MORE than 100 new NHS workers who rushed to join the East Lancashire Hospitals Trust in April during the first peak of the coronavirus crisis have been hailed as heroes.

New figures show that dozens, including students and retired staff, signed up to work at the Royal Blackburn and Burnley General Hospitals as the Covid-19 pandemic struck.

MPs Nigel Evans, Kate Hollern and Sara Britcliffe have praised the brave souls who put their own lives at risk to help cure others and the vehicle hire company which lent 50 luxury motorhomes to the trust so key medical staff could stay on site during the outbreak.

NHS workforce figures show there were 9,094 members of staff employed at the ELHT in April, ​103 more than during March.

The biggest increase in workers was among those in clinical support roles whose numbers swelled from 2,915 to 2,974.

This included 63 workers directly supporting doctors and nurses many of whom were student doctors or nurses fast tracked into work to help fight the virus.

As the numbers swelled at the end of March, Priory Rentals of Union Road in Oswaldtwistle took campervans up to the Royal Blackburn Hospital’s car park as temporary accommodation for doctors and nurses on the front line of the battle against Covid-19.

Ribble Valley MP and House of Commons deputy speaker Mr Evans said: “This was a fantastic response by the people of East Lancashire. These volunteers are heroes of the battle against coronavirus. Their response makes us all proud.”

Hyndburn MP Miss Britcliffe said “The news that more than a hundred new and returning healthcare workers have joined the trust in April shows just what great people we have living in East Lancashire.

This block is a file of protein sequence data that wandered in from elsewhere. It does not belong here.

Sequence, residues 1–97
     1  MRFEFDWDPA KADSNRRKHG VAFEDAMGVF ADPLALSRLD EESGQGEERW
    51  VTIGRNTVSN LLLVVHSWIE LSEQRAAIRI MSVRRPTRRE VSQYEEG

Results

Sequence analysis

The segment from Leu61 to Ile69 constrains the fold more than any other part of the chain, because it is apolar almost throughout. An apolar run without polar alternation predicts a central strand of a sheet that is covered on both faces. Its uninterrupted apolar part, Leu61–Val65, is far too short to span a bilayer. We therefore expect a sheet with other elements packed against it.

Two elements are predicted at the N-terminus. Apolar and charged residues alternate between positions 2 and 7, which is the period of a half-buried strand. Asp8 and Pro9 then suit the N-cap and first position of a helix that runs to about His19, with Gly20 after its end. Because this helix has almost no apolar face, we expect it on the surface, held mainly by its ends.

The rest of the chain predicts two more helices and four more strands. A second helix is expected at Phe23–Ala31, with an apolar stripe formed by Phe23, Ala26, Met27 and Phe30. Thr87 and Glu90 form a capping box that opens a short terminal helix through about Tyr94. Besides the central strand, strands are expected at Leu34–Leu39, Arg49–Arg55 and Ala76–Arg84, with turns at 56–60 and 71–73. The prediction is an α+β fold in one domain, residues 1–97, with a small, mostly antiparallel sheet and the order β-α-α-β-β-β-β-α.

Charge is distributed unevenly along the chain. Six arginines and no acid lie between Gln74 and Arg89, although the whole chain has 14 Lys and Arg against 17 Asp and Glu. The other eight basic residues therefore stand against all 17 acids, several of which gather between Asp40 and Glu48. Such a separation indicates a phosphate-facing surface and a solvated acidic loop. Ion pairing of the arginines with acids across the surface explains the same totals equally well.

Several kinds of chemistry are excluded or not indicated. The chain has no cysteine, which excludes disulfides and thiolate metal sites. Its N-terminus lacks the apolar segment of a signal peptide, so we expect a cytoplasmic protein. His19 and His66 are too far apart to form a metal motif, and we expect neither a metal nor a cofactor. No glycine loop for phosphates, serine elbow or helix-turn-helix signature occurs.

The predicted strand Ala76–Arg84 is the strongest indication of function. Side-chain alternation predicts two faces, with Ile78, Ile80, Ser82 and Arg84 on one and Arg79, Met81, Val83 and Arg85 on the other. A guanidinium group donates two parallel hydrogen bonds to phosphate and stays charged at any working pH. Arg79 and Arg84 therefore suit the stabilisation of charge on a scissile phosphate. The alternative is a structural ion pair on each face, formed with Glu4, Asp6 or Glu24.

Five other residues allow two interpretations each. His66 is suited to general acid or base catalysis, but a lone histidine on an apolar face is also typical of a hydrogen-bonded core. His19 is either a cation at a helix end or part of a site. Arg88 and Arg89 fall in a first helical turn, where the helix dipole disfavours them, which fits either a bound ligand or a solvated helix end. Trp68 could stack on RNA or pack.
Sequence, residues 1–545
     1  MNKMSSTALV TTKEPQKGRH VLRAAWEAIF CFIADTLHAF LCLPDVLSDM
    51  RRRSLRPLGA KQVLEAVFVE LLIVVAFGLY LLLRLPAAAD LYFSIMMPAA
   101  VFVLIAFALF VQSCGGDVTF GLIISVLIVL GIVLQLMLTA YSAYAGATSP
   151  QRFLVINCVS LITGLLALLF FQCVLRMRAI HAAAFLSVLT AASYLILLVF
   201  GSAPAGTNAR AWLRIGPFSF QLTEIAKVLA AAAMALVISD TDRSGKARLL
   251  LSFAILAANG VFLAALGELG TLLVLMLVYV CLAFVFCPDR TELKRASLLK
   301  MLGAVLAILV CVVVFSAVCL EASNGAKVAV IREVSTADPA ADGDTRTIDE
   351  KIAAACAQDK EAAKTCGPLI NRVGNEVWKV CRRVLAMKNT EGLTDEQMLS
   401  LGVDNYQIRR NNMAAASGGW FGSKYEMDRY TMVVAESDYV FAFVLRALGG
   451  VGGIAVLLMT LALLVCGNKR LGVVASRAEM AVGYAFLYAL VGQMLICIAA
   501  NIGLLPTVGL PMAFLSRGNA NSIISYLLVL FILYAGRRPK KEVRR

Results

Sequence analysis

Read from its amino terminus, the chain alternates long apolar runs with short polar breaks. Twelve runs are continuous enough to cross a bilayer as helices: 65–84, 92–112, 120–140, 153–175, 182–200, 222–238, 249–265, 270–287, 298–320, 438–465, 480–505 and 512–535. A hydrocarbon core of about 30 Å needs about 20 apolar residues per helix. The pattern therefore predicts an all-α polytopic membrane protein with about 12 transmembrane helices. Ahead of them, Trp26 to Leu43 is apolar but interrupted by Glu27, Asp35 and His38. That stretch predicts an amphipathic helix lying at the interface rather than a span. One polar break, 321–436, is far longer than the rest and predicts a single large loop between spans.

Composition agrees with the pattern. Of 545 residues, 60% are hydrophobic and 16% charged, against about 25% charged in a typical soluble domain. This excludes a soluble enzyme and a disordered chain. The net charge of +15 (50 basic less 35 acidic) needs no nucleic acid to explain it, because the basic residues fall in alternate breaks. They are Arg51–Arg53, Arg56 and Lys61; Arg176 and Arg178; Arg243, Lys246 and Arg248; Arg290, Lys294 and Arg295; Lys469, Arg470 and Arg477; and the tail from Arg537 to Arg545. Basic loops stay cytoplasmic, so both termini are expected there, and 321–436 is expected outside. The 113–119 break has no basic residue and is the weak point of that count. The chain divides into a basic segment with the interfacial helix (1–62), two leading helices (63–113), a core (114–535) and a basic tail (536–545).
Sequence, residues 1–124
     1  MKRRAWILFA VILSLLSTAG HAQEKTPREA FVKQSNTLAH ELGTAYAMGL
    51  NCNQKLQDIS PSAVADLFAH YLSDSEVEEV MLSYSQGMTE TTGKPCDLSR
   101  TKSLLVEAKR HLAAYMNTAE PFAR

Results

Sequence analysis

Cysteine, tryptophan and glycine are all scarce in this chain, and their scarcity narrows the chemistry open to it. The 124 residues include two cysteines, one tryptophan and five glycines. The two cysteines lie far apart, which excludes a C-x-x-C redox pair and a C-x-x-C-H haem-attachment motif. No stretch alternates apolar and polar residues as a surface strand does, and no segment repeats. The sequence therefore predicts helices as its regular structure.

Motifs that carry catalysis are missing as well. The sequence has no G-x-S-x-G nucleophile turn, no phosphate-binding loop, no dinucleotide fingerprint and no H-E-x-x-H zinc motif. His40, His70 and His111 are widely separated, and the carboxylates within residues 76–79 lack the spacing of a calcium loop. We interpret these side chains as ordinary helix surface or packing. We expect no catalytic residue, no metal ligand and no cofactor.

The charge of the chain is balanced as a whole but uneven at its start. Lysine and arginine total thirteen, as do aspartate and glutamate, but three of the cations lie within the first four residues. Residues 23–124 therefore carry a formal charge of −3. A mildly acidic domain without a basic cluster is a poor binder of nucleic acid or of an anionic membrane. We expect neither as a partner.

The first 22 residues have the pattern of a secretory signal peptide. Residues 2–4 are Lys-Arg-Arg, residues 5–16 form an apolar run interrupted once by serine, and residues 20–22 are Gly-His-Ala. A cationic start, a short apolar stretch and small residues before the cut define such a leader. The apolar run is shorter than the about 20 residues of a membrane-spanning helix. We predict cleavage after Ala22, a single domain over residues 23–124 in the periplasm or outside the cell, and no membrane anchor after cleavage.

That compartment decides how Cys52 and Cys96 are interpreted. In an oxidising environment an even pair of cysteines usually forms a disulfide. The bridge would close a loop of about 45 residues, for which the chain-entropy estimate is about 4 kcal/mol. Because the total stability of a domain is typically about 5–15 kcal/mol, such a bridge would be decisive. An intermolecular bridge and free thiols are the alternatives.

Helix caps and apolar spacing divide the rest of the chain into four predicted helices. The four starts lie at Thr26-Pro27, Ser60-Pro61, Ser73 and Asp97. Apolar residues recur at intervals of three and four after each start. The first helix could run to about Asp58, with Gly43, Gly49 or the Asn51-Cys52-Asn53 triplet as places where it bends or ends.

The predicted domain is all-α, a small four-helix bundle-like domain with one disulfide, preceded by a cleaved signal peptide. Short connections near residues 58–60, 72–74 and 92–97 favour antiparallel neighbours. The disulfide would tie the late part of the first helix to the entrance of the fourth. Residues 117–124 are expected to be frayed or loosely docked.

“They will have helped save many lives and we must pay credit to their dedication and hard work.

“I also want to thank Priory Rentals in Oswaldtwistle for lending motorhomes to the hospital for staff to live in, so they do not go home and put their families at risk. Our communities have come together during this pandemic and shown the best of Hyndburn, Haslingden and East Lancashire.”

Blackburn Labour MP Mrs Hollern said: “It was fantastic to see so many new people come forward to take up positions in the East Lancashire Hospitals NHS Trust. It has been playing a vital role in the efforts to combat coronavirus and without these dedicated staff we would be in a far worse position, with lives potentially lost.”

Cllr Damian Talbot, Blackburn with Darwen Council’s health and well-being boss, said: “Our NHS staff do an amazing job caring for patients. The last few months have been the most challenging in generations, but the staff have maintained a dedicated attitude. It is great to see so many more people joining the NHS and contributing to our battle against coronavirus.”

Julie Molyneux, ELHT’s deputy director of nursing said: “We are extremely grateful and fully acknowledge the hard work, commitment and support of all of our wonderful staff through these times. We are especially grateful to our brilliant student nurses and doctors in training who have worked so hard support the organisation to continue to to deliver safe, personal and effective care.

“We also thank our retired and returned staff members who have also been invaluable to providing the best care possible.”

Across England, the NHS figures show there were 12,839 extra members of NHS staff in April, of whom 3,008 were professionally qualified doctors and nurses.

There were also 8,687 new support workers assisting on wards including more than 4,500 fast-tracked student doctors and nurses.

Health Secretary Matt Hancock said: “This pandemic has shown how proud the entire country is of all our brave health and care workers, and what an essential role they play in society.

“We made the commitment of 50,000 more nurses by end of this Parliament, and I’m determined we will meet it.”

A Department of Health and Social Care spokeswoman said there were also 442 former healthcare professionals who ‘bravely volunteered to return to the frontline’.

The Royal College of Nursing said student and recently returned nurses had ‘stepped up to make an invaluable contribution’.

Representatives of the 'union' said the next step was to make sure the extra staff were retained in coming months.